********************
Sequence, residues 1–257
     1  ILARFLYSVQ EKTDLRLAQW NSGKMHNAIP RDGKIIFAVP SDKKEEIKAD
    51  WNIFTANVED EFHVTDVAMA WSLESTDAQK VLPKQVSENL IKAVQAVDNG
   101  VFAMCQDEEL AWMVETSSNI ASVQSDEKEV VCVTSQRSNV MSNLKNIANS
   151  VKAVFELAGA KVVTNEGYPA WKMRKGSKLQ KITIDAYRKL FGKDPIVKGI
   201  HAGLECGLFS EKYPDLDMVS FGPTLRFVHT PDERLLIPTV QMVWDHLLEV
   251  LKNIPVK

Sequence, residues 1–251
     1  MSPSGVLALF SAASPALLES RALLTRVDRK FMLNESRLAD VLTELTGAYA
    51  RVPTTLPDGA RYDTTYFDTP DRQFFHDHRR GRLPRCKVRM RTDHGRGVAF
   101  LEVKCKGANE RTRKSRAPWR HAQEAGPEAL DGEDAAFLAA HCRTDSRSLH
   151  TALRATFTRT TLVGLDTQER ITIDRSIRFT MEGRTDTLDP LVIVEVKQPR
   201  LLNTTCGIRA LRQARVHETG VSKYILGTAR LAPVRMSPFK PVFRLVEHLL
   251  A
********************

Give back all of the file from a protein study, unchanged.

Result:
Sequence, residues 1–257
     1  ILARFLYSVQ EKTDLRLAQW NSGKMHNAIP RDGKIIFAVP SDKKEEIKAD
    51  WNIFTANVED EFHVTDVAMA WSLESTDAQK VLPKQVSENL IKAVQAVDNG
   101  VFAMCQDEEL AWMVETSSNI ASVQSDEKEV VCVTSQRSNV MSNLKNIANS
   151  VKAVFELAGA KVVTNEGYPA WKMRKGSKLQ KITIDAYRKL FGKDPIVKGI
   201  HAGLECGLFS EKYPDLDMVS FGPTLRFVHT PDERLLIPTV QMVWDHLLEV
   251  LKNIPVK

Sequence, residues 1–251
     1  MSPSGVLALF SAASPALLES RALLTRVDRK FMLNESRLAD VLTELTGAYA
    51  RVPTTLPDGA RYDTTYFDTP DRQFFHDHRR GRLPRCKVRM RTDHGRGVAF
   101  LEVKCKGANE RTRKSRAPWR HAQEAGPEAL DGEDAAFLAA HCRTDSRSLH
   151  TALRATFTRT TLVGLDTQER ITIDRSIRFT MEGRTDTLDP LVIVEVKQPR
   201  LLNTTCGIRA LRQARVHETG VSKYILGTAR LAPVRMSPFK PVFRLVEHLL
   251  A